‘We call it the finger dance,” the Toronto police officer said. “We watch the person check the glove box, the armrest, over both visors, looking for an insurance slip they know doesn’t exist. We wait.”
Driving without insurance is a $5,000 fine. It’s worth the resources to catch offenders, and definitely a charge that will get those of us being shafted for ever-higher rates to enthusiastically add a “Hell, yeah” to the ticket. Police have heard it all (“It’s in my girlfriend’s purse”); yet for the officer, the game plays out over and over: they know they don’t have it, you know they don’t have it, and they know you know they don’t have it.
He says technology is good. “We can check vehicles via our systems; as an investigative tool, it gives us a general indication, and we then can verify the information with the company.” That little piece of pink paper? Even if it says it’s good for the remainder of the year, if you quit paying or have your coverage cancelled, they’re going to know. Like having a home alarm sticker on your window but no alarm, it’s not about the show.
There is little a cop hasn’t experienced while on traffic duty. From rage to tears to shock to cleavage to imminent bodily emissions, I asked a Hamilton officer what, if anything, makes a difference.
“Be polite and honest. It’s impossible not to be nervous, but officers aren’t looking to destroy someone’s day. Don’t reach into the glove box, or under the seat; we immediately think guns and drugs. Drop your window; I prefer that to having to rap on it, which can be a negative start.”
Years ago, we were instructed to have the paperwork ready. Now, any driver seen reaching for anything becomes a threat to an approaching officer. My dad would actually get out of the car and walk back to the police car; don’t do this.
Like any profession, there are good cops and bad cops. I’ve known some bullies behind the badge, but I also did a ride-along with an OPP officer a few years back that was, honestly, terrifying.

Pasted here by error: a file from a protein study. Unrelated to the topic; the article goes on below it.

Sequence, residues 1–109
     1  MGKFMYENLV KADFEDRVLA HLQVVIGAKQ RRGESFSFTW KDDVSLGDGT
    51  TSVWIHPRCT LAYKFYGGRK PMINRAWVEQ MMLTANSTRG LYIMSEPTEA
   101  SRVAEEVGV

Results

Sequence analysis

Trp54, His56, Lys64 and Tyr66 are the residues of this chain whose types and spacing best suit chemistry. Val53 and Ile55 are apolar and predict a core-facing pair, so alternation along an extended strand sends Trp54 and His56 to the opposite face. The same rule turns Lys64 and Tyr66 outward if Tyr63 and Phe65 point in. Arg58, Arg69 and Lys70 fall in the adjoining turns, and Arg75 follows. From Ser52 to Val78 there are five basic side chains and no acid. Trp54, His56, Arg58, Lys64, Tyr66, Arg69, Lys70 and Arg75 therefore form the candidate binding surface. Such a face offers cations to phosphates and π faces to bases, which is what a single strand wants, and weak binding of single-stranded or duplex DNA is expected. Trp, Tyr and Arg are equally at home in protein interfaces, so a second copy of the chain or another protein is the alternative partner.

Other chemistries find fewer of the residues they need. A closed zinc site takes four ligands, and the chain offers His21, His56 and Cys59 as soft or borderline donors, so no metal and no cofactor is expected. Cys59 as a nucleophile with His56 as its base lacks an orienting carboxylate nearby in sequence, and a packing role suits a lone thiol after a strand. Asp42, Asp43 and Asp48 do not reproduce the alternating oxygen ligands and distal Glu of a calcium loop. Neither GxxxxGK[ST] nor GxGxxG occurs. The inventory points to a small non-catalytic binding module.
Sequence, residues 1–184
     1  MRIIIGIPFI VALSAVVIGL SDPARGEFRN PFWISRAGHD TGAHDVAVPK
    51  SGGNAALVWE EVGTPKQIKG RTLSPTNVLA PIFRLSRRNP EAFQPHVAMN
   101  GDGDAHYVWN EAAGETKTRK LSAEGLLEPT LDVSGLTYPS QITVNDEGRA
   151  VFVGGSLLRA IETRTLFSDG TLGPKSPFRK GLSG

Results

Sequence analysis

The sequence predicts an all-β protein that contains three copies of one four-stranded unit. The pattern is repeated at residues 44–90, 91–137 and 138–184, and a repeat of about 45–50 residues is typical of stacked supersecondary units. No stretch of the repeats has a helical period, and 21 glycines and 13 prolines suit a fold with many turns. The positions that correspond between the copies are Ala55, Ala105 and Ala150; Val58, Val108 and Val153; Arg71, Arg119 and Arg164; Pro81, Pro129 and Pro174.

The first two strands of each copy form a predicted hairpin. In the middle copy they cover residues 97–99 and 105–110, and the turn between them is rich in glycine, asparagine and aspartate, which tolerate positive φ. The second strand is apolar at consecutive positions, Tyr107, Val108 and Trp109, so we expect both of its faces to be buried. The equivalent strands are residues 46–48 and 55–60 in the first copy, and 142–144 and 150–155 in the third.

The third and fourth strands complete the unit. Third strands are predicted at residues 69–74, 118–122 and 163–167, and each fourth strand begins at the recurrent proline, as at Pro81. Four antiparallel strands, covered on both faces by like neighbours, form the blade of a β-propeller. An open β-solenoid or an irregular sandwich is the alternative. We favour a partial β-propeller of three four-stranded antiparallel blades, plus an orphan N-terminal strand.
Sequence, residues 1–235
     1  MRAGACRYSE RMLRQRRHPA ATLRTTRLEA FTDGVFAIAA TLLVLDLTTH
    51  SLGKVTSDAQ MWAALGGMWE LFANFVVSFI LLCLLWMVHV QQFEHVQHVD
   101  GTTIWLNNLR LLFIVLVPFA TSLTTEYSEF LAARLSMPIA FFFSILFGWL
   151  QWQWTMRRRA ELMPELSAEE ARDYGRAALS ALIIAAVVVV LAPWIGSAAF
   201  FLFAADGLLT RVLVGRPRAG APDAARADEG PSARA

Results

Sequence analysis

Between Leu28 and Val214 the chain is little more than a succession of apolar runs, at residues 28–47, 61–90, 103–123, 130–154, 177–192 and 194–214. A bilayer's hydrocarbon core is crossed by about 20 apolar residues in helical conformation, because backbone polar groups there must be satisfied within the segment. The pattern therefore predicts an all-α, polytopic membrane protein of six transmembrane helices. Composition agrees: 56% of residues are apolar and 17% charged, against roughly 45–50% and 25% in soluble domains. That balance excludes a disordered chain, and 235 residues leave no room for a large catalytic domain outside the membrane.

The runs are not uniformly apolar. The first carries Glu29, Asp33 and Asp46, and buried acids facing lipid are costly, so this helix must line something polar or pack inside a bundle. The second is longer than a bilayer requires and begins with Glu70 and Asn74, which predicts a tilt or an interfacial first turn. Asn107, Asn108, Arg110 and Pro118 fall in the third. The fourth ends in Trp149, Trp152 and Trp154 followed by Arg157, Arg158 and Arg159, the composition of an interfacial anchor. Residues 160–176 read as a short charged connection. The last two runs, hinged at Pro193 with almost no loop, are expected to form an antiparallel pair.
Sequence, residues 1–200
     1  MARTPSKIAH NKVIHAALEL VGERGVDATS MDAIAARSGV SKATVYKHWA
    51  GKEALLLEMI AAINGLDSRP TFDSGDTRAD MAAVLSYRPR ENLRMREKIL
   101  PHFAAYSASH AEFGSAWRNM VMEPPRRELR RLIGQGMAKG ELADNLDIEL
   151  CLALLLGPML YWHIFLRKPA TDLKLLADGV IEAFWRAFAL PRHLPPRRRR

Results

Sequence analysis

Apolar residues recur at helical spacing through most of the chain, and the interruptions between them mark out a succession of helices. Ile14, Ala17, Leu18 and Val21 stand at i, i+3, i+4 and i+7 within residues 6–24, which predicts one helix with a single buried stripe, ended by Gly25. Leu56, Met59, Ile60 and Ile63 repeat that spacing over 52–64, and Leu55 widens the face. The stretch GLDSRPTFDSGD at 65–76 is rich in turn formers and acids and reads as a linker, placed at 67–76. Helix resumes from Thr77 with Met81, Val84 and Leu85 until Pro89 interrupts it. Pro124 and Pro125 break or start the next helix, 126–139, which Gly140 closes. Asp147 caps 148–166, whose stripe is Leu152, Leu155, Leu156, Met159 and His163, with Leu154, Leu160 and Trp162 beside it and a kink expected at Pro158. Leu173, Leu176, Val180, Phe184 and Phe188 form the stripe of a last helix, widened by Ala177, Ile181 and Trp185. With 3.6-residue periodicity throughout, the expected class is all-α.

Several times during her shift, I watched as she approached cars pulled to the shoulder of the highway to ascertain why they had stopped. Tinted windows meant she had no clue what she was approaching; a run of the plate would reveal if it had been reported stolen, but what was happening inside that car could be anyone’s guess. Could we please, once and for all, outlaw dark aftermarket tinting and have a definitive, enforceable standard?
Each time, she unsnapped the strap on her gun, which reminded me she had to be ready for anything. If you come at an officer as a perceived threat and they shoot you in the arm or leg, it only means one thing: they missed.
I learned a lot from my OPP officer that day. The job has a huge psychological component; a man was walking along the Niagara-bound QEW beside the centre median when we pulled up behind him. I saw a guy in his 20s with a backpack taking a mid-morning stroll along a six-lane highway – admittedly not a bright plan, but other than needing a haircut and a belt to keep his pants up, he didn’t look that different from my own kids.
From the second she eased the car on to the inside shoulder, she was on high alert. She told me later you don’t want someone bolting into traffic, so you can’t be aggressive. They might be high, and you don’t know on what. They could be armed.
Before she even left the car, she was talking. A constant patter that was simultaneously taking control of the situation while ferreting out information. From the passenger seat, I watched her have him put his backpack in the trunk, pat him down, and get him in the back seat. He asked if I was a cop; I replied that I was a journalist. He sighed, and said, “That’s even worse.”
Her fingers flew over her computer keyboard, entering information he was supplying and from his ID. She never stopped talking to him, finding out he was taking a short cut across the highway to a construction job. He’d been hopping the fences on the service road. She alluded to “something he had to take care of back home,” and he nodded. He had an extensive record, he was due back in court, and the charges involved assault. She told me this after she’d deposited him to his work site. I saw a stupid kid; she saw possible danger. She was right; I was wrong.
At some point, most drivers will be pulled over. There are things to keep in mind, even as your blood pressure mounts.
- Pull to the shoulder safely.
- Put your car in park; drop your window; put on your interior light if it’s dark out.
- Tell any passengers to shut up.
- Wait for the officer to approach you. It might take a few minutes.
- Be polite and answer honestly.
- Don’t argue. You can have your day in court if you disagree.
- Get out of your car.
- Make a move for your ownership and insurance. Get it when asked.
- Be offensive. Fastest way to make things worse. Nobody has ever ranted and raved their way to a reduced ticket.
- Lie. They have advanced technology, and officers are trained to read personal cues.
They may be the last people you want to see behind you on the roadway, but they’re the first people you call when there’s trouble.
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